High school parent/student resources - North Branch Area High School - North Branch Area Public Schools

Preparing for college (grades 7-12)

PREPARING FOR COLLEGE: 

Most four-year colleges and universities require the following, at a minimum, for admission: 
•Four years of English (including composition and literature) 
•Three and one-half years of social studies (including one year each of U.S. history and geography) 
•Three years of mathematics (including two years of algebra and one year of geometry) 
•Three years of science (including one year each of a biological and a physical science) 
•Two years of a single world language 
•One year of either world culture or fine arts 

Public two-year colleges accept all high school graduates and GED holders. 
Students who master core subjects while in high school save money and time in college. 

Minnesota Resources: 
Minnesota State Colleges and Universities: www.mnscu.edu ;
Complete listing of MN postsecondary institutions: www.getreadyforcollege.org ;
Minnesota Career Colleges: www.mncareercolleges.org ;
Minnesota Private College Council: www.mnprivatecolleges.org ;
Career information: www.iseek.org ;
College credit transfer options: www.mntransfer.org ;

The following is from the Minnesota Office of Higher Education: 
www.mheso.state.mn.us ;

College Prep Timeline 
Use the timeline below as your guide to preparing for college. 


In 7th & 8th Grade: 

Begin thinking about the high school classes that will prepare you for college. Take the most difficult classes you can handle. 
Ask your parents or teachers to help you develop good study habits. 
Practice setting and reaching goals. 
Volunteer in your community. 
Take interest and skills assessments to help you think about possible career options. 
Talk with your school counselor and parents about careers that interest you. 
Create a tentative high school class plan. 
Enroll in a summer enrichment program. 

In 9th & 10th Grade: 

Take interest and skills assessments to help you explore careers options. You will have a two week Civics class on Career Exploration and take the assessment in the "Discover" program online. 
Talk with your school counselor about career options and the education required for those careers. 
Talk with your parents about saving and paying for college. 
Talk with friends, teachers, counselors and your parents about college. 
Check if your school requires 10th graders to take the PLAN to prepare for the ACT. 
Participate in extracurricular activities. 
Review your high school class plan. Take the most difficult classes you can handle. Stay focused on your schoolwork. 
Explore internships and apprenticeships. 
Enroll in a summer enrichment program. 

In 11th Grade: 

Attend college and financial aid events. 
Mentor others and have a mentor for yourself. 
Take the PSAT in the fall to prepare for the SAT, and to identify areas where you need improvement. 
Consider possible career options and investigate the type of education that is needed. 
Request materials from schools that interest you and visit their Web sites. 
Arrange campus visits to those schools that interest you.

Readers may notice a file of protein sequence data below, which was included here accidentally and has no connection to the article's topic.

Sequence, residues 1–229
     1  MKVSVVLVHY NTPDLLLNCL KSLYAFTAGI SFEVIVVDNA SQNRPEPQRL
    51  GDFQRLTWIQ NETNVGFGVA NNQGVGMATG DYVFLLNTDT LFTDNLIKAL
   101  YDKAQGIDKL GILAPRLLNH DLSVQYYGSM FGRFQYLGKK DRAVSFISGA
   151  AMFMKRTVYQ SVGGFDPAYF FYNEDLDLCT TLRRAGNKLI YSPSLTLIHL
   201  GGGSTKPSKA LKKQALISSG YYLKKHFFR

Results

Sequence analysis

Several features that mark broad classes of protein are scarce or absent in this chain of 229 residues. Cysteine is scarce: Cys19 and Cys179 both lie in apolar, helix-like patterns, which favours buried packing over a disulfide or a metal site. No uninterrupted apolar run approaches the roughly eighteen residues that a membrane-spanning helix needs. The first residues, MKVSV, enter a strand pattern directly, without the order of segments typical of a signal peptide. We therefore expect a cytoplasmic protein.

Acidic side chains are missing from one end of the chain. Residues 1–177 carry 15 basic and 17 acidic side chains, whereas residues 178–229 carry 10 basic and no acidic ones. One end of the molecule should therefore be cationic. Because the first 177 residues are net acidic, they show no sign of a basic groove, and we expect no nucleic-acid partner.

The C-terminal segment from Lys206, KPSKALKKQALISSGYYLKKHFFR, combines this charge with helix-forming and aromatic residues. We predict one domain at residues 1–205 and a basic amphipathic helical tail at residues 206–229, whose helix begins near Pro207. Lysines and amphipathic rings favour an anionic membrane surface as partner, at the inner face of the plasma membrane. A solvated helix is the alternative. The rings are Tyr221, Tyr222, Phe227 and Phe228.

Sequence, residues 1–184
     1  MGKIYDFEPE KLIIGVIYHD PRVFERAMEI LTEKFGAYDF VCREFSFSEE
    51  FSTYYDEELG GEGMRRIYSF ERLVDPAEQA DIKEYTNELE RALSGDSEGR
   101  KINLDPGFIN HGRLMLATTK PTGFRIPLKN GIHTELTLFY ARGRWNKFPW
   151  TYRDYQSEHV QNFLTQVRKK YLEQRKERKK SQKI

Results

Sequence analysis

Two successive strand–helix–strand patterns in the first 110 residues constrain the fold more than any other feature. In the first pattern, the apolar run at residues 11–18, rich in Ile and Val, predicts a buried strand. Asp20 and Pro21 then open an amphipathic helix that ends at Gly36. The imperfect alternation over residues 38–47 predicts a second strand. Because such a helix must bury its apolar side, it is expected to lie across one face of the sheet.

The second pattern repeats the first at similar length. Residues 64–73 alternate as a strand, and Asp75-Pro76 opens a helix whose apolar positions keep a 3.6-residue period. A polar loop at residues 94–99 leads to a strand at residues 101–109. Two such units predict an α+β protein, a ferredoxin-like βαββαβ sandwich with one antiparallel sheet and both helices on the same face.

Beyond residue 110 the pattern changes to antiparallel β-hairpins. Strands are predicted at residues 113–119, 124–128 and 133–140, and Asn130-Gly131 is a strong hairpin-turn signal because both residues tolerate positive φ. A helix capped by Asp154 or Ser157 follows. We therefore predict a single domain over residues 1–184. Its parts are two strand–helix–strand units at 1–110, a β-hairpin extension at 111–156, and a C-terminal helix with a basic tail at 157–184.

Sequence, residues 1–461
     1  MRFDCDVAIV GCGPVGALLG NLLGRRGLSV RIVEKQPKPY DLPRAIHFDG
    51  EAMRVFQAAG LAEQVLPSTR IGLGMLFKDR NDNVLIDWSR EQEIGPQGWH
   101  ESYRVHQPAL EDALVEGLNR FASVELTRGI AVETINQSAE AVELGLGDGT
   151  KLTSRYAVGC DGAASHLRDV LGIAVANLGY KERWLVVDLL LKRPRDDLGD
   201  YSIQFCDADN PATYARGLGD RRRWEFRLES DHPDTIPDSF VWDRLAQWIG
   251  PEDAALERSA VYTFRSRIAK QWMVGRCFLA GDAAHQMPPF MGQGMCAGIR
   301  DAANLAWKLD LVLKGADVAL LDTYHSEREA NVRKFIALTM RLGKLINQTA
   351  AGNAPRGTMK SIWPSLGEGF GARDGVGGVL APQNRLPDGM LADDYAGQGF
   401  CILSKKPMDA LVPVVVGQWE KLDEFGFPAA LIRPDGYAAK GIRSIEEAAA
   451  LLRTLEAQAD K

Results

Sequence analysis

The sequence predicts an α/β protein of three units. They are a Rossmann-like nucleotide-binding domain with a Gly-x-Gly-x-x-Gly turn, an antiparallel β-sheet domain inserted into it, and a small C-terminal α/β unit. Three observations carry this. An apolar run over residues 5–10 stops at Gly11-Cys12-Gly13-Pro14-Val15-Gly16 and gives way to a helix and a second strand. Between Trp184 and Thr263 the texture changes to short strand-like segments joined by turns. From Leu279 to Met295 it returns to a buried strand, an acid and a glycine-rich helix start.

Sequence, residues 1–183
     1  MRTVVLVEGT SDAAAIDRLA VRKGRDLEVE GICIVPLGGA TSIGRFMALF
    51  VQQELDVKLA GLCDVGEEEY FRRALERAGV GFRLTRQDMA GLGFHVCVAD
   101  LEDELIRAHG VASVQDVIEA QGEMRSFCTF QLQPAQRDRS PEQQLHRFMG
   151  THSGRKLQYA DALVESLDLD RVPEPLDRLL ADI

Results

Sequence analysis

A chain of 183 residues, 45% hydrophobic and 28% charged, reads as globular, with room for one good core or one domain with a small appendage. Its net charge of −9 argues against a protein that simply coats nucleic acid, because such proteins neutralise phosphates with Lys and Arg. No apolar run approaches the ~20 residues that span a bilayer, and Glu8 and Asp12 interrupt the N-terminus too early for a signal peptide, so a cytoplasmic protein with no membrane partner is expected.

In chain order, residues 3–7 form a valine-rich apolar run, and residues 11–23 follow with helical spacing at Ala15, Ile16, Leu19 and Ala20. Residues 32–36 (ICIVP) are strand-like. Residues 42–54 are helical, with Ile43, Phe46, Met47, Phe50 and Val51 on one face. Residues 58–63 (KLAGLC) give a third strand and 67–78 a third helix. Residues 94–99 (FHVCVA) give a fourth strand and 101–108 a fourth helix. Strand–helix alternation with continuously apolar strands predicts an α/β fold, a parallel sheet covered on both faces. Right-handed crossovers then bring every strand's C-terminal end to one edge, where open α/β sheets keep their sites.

Participate in extracurricular activities. 
Request admissions and financial aid forms. 
Consider earning college credit while in high school through Advanced Placement, International Baccalaureate, Postsecondary Enrollment Options or College in the Schools. 
Register for and take the ACT and/or SAT in the spring. 
Review your high school class plan. Take the most difficult classes you can handle. Stay focused on your schoolwork. Make sure you are meeting your high school graduation requirements. 
Enroll in a summer enrichment program. 
Get a job to earn and save money for college, or explore your skills through an internship or apprenticeship. 
Research private scholarship options. 
Get a summer job to earn money for college. 

In 12th Grade: 

Meet with your school counselor to review your high school class plan. Take the most difficult classes you can handle. Stay focused on your schoolwork. 
Consider earning college credit while in high school through Advanced Placement, International Baccalaureate, Postsecondary Enrollment Options or College in the Schools. 
Arrange campus visits to those schools that interest you (if you haven't already done so). 
Take or retake the ACT and/or SAT in the fall. 
Select the schools to which you will apply. Make a list of important admissions and financial aid deadlines for each school. 
Attend a financial aid event. Review a copy of Your Guide to Paying for College. 
Participate in extracurricular activities. 
Create a resume of your academic, athletic and work activities as well as other achievements. Prepare a portfolio if you're interested in the arts. 
Search and apply for private scholarships. 
Ask for recommendations (if required) from teachers, counselors and others who can comment on your abilities and talents. 
Apply to four to six colleges that interest you. Do not wait until just before the deadline. 
Complete the Free Application for Federal Student Aid (FAFSA) as soon as possible after January 1. You and your parents must complete your taxes before submitting the FAFSA. 
Review you Student Aid Report (SAR) for accuracy. If you make corrections, return the form as quickly as possible. 
Have your high school transcript sent to those colleges to which you've applied. 
Choose a college and send in any required forms or deposits (housing, meal plan, etc.). Notify in writing those schools you don't plan to attend. 
Get a summer job to earn money for college.


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